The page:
From Congress Square Park in Portland, Maine to Taksim Gezi Park in Istanbul, Turkey, the global fight to save public space has begun. As the residents of Istanbul gather to save their last public park from being turned into a shopping mall, I feel a new sense of hope and solidarity as I stand up to save Congress Square Park in Portland from becoming a ballroom.
What started out as a protest by residents in Istanbul last week to save over 600 trees has turned into a general march and protest in the streets. In 2010, I had the pleasure of visiting Istanbul and walked through this particular park. Today, images have spread across the Internet of young women at the park being sprayed with hoses by Turkish police, and protestors in the streets being hit with tear gas.
Last week, over sixty people spoke during City Council in support of saving Congress Square Park and against the sale of the space to the Westin Hotel and Rockbridge Capital. Similar to the meeting at City Hall a few weeks ago to pass a resolution banning tar sands oil, it seemed like a few men in business suits bore more influence over City Council than the dozens of constituents who spoke in the majority (“The Portland City Council Should be more than just concerned about Tar Sands” https://hollyseeliger.wordpress.com/2013/05/22/the-portland-city-council-should-be-more-than-just-concerned-about-tar-sands/ ). The legacy of the current City Council is their complete support of major hotels in Portland, as several new hotels are currently being built in town with plans to build more hotels in the future.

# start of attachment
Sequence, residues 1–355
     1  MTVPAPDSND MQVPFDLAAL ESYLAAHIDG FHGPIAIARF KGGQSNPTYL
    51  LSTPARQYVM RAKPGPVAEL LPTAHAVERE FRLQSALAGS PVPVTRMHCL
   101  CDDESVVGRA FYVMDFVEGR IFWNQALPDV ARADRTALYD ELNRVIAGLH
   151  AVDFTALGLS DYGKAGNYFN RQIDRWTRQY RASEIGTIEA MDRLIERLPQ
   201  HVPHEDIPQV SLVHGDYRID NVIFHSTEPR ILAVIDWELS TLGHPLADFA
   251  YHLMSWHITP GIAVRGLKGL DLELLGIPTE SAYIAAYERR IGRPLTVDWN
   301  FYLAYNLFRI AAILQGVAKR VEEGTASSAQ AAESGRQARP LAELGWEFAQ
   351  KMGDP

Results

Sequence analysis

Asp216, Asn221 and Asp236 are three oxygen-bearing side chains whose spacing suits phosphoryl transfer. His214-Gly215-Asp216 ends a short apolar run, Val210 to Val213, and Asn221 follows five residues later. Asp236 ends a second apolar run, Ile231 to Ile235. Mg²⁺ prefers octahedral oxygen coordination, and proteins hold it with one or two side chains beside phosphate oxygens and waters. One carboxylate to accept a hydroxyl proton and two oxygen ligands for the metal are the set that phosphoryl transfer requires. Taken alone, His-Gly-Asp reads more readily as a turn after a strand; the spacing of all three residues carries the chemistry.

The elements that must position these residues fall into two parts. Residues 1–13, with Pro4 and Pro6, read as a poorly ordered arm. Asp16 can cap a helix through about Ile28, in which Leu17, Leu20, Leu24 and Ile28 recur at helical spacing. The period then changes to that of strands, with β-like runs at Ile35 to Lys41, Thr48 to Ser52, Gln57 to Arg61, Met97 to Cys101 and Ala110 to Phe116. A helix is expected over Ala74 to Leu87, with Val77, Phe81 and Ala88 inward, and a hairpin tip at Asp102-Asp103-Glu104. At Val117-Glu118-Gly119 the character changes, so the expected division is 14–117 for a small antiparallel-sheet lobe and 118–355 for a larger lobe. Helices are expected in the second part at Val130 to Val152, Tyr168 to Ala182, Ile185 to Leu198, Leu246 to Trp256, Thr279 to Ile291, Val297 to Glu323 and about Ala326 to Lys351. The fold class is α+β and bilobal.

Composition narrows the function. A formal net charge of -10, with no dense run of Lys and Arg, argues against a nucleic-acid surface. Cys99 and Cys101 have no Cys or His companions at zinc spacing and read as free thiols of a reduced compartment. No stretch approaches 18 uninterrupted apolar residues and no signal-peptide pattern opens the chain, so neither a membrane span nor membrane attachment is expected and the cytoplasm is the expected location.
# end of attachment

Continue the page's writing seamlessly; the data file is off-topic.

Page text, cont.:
The more that I work to support public space in Portland, the more that I realize that I am working in solidarity with people all around the world who are fighting the trend of privatization and the concept of “eminent domain”. During the Occupy Lincoln Park encampment last year, I experienced for the first time in my life a sense of altruism and community that I can only compare to a spiritual experience. The spontaneous utilization of public space inspired me to run for office, to participate in art in public space, and to commit to doing what I can to create community in a realm beyond the political. The occupation of Tahrir Square in Egypt during 2011 helped spur “the Arab Spring” and showed the world that public space can begin to embody the beliefs of those who inhabit the space. As Turkish citizens gather, the Occupy movement has once again articulated that threats to public space and public life are not limited to Istanbul.
During our current “Great Recession”, certain political agendas have sought privatization and the selling of public land in order for corporations to gobble up resources. Some City Council members in Portland believe that since the park has been “neglected”, it is in the best interest to sell the space privately to the hotel. History has shown us that public space is inherently linked to freedom of expression, and this is certainly not the first time in recent memory that a nation has used space to promote freedom, beauty and civil, economic and ecological rights. When a people want their opinions and voices to be heard by others, we turn to open, shared spaces such as plazas, streets and parks. When governments are not interested in what we have to say, public space is no longer a priority and private sale is encouraged (as one can see in Gezi Park’s case and now Congress Square Park).
Over a year ago, I helped host an event at Congress Square Park that sought to bring attention to the space through a free music event. On Saturday, July 6, we will be hosting “Congress Square Dance Party” with free music and dancing starting at 1pm (Facebook event page https://www.facebook.com/events/439208689509214/). I want to occupy this space in order to improve the park for the people. I would love for the city to once again gather to protect our common parks, our Portland heritage, and to preserve Congress Square Park for freedom of speech for generations to come!